In this edition of HR Insights, Catherine Goncalves discusses the identifying candidates with strong soft skills to hire for their organization.
Companies that want to hire the best people are increasingly coming to the realization that they need to look for strong soft skills in their candidates. But what are soft skills? Why are they important in the workplace? And how can employers identify and evaluate them?
Sales and training expert Rob Jolles defines soft skills as “communication skills, time management, problem solving, working with teams, selling, negotiating, and basically learning how to work well with other people.” In the past, companies have usually prioritized hard skills (skills that can be taught and measured, such as knowledge of a software program). But the days of soft skills being underrated may be coming to an end. With “one in three recruiting professionals [believing that] job candidates’ soft skills have gotten worse in the past five years,” there’s widespread agreement that “parents and colleges need to do a better job of teaching students soft skills before they enter the workforce.”
With his famous assertion that “technology alone is not enough,” Steve Jobs placed a high value on art, design, and social considerations at Apple. Other tech-oriented companies have been following suit. More and more Silicon Valley organizations are recognizing the importance of cultivating social and cultural skills among their employees.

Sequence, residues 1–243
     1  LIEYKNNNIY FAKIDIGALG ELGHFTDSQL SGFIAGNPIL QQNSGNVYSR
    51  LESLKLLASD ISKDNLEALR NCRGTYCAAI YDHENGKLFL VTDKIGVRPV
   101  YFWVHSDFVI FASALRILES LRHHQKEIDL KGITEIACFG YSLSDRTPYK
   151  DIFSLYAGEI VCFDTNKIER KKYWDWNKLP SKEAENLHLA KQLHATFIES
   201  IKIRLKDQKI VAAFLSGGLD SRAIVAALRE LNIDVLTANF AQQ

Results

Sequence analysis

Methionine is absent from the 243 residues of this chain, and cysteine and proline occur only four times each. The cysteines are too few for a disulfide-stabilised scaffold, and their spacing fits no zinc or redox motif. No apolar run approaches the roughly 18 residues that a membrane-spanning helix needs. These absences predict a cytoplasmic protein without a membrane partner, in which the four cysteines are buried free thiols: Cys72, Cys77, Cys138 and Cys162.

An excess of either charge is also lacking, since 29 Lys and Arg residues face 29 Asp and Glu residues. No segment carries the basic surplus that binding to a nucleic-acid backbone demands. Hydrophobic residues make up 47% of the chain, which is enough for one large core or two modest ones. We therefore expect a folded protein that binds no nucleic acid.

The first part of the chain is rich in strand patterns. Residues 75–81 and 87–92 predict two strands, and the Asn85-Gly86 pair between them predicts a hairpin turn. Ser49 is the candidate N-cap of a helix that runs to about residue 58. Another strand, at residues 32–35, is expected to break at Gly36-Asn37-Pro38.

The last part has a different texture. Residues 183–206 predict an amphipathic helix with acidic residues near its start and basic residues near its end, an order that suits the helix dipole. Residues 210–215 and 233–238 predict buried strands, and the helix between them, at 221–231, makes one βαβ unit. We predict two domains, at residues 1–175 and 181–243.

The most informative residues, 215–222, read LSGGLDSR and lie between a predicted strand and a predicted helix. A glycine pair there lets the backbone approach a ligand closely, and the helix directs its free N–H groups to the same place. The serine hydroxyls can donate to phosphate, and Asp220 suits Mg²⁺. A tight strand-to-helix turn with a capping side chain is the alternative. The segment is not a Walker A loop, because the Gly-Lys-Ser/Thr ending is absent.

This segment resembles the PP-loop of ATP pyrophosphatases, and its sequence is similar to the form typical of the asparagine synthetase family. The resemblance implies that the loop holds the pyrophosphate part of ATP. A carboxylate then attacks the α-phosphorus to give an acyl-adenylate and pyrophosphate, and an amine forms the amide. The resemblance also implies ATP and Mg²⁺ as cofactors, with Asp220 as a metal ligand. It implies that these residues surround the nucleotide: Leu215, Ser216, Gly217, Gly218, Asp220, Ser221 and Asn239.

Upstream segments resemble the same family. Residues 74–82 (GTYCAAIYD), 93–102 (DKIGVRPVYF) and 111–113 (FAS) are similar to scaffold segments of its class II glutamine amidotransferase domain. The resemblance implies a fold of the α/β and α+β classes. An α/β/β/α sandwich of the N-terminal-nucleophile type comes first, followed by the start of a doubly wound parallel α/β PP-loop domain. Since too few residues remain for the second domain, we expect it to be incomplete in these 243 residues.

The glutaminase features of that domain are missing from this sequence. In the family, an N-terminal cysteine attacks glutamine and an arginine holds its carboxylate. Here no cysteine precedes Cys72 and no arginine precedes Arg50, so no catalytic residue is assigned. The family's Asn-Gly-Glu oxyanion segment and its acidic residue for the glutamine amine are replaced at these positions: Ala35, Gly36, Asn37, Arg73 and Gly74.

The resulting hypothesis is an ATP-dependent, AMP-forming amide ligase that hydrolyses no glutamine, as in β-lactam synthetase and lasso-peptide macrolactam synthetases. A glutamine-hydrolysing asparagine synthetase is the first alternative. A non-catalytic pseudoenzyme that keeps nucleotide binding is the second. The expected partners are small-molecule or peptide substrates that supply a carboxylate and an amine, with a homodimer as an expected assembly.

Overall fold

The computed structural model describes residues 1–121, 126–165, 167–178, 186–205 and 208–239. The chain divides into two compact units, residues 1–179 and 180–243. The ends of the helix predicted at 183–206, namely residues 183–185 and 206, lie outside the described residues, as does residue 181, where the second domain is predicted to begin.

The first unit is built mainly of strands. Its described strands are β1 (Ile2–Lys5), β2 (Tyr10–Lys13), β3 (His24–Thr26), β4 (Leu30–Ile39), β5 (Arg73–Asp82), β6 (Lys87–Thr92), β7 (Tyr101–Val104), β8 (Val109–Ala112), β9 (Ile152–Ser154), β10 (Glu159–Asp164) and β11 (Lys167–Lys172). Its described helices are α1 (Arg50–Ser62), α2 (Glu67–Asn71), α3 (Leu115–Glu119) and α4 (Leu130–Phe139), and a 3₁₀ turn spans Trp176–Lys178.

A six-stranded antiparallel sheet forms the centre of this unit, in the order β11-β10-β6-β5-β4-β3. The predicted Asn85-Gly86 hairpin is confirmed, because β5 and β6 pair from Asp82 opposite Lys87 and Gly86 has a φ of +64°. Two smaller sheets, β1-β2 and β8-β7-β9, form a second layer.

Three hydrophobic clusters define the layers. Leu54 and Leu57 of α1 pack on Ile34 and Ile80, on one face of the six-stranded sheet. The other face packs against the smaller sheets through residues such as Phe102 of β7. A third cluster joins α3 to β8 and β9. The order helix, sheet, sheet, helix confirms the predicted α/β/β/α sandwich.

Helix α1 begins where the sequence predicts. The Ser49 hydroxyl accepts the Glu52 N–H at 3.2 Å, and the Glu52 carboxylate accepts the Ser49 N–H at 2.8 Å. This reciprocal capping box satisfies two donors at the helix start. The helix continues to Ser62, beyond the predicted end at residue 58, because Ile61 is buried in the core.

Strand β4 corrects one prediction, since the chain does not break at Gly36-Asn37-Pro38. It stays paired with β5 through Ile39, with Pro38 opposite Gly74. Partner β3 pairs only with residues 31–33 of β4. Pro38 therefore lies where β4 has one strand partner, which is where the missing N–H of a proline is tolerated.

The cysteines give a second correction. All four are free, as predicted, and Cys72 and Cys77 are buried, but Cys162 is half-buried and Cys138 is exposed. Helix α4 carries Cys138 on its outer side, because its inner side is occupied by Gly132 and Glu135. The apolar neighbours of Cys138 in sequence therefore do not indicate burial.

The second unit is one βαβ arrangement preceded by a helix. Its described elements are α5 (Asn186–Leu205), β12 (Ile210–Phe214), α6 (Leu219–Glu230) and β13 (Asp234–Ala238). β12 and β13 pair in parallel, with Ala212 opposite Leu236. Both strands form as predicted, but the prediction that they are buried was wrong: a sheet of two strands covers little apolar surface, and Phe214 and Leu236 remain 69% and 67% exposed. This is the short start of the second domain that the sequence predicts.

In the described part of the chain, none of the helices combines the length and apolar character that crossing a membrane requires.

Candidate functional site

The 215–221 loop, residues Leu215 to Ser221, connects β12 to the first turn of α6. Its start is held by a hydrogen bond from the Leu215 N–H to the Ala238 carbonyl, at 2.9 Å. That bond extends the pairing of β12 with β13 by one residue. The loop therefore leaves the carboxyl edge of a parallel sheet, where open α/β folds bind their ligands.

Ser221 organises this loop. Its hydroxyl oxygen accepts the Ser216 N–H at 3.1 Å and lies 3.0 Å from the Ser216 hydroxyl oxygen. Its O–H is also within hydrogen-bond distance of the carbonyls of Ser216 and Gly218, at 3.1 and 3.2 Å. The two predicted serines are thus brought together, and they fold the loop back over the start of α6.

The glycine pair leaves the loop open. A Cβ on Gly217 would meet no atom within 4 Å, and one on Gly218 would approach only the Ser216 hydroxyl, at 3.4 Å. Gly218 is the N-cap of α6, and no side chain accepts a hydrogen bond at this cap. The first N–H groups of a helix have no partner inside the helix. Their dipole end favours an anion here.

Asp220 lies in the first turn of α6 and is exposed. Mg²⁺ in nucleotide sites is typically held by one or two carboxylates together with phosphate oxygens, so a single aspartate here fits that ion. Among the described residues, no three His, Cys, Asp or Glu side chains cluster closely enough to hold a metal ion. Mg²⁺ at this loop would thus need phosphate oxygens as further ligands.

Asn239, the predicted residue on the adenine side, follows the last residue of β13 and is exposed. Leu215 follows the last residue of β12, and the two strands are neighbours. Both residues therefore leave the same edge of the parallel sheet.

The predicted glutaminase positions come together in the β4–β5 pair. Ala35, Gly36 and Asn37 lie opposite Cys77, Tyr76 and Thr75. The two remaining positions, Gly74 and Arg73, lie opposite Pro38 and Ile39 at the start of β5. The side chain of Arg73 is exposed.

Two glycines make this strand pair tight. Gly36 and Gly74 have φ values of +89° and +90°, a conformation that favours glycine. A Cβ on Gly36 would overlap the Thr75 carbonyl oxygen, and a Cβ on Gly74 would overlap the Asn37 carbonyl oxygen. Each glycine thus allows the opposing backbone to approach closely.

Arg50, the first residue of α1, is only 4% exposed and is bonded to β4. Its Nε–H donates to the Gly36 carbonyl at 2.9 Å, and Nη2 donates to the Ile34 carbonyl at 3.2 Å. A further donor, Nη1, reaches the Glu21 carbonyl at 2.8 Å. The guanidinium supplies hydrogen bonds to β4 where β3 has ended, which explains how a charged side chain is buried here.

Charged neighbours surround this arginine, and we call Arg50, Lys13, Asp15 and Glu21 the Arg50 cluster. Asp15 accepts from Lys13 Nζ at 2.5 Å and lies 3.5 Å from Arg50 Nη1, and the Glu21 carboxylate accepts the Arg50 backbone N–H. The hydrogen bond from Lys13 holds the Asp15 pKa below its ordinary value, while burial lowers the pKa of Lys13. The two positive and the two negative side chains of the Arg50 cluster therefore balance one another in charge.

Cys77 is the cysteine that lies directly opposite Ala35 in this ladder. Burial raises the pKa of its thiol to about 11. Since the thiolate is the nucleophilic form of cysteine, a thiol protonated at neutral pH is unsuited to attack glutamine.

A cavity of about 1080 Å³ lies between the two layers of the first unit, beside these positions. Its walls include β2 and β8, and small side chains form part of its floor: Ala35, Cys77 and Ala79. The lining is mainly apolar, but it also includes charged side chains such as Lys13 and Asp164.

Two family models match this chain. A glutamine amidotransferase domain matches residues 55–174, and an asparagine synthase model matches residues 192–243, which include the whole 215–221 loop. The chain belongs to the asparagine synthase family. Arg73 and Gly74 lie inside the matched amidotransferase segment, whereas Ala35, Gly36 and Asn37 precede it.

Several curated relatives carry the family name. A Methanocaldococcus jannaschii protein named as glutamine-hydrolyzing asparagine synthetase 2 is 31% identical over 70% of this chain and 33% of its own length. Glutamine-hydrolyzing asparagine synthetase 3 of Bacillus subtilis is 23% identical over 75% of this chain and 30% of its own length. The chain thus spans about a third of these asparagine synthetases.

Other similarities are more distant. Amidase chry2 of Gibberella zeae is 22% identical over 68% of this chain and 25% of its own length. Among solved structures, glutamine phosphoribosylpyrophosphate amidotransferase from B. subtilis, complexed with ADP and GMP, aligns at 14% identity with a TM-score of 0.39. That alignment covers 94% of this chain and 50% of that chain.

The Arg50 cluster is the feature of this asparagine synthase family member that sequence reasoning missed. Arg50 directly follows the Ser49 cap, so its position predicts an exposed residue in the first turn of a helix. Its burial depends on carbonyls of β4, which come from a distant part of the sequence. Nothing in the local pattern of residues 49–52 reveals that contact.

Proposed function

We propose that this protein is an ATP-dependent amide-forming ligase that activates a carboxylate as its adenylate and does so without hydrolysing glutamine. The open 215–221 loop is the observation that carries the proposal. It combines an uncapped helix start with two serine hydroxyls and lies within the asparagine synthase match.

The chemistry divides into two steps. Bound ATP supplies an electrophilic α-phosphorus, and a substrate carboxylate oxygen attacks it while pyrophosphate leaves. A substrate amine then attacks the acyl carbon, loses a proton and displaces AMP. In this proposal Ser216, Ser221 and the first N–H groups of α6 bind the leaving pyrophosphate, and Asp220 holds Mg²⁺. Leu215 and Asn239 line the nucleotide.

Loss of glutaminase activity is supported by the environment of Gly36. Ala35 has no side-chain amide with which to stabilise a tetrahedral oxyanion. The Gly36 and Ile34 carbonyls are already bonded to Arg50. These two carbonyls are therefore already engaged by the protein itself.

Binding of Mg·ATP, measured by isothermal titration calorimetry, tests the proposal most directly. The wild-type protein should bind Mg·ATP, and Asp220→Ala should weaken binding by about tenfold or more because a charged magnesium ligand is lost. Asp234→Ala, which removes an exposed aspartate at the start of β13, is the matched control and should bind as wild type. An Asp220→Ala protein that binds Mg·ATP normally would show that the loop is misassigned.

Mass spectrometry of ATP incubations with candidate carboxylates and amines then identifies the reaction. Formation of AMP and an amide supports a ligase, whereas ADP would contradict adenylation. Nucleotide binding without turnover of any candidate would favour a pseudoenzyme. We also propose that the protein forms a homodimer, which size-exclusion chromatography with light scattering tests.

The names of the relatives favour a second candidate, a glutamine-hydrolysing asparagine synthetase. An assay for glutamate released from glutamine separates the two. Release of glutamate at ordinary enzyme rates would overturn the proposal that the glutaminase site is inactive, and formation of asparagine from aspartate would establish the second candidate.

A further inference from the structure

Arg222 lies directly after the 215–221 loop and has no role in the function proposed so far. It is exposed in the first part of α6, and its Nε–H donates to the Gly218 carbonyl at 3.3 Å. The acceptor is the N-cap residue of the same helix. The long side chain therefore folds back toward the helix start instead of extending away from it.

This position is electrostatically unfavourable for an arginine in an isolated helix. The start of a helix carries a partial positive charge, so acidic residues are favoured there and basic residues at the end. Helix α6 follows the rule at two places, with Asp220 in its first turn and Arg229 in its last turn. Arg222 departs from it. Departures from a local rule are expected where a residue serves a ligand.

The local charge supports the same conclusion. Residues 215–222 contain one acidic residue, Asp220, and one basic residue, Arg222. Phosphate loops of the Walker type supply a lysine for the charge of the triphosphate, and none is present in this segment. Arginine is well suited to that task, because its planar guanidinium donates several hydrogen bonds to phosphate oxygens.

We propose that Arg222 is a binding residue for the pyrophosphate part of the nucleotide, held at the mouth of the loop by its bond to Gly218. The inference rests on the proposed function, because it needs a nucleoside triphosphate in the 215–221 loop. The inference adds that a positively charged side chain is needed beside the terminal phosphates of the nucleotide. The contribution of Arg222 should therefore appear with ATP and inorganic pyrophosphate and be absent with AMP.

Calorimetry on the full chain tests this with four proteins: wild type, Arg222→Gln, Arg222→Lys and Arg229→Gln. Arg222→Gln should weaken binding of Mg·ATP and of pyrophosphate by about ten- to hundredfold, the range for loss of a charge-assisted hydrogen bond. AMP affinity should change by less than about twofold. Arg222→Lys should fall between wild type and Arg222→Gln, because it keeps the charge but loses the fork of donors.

For example, a few years ago, Google analyzed the HR data from its first fifteen years and found that “among the eight most important qualities of Google’s top employees, STEM expertise comes in dead last” – a startling realization for one of the top tech companies in the world. The corollary to the discovery was equally stunning:
‘The seven top characteristics of success at Google are all soft skills: being a good coach; communicating and listening well; possessing insights into others (including [others’] different values and points of view); having empathy toward and being supportive of one’s colleagues; being a good critical thinking and problem solver; and being able to make connections across complex ideas.’
Read the rest of this article here. (Vol VII, Issue II, pg 7)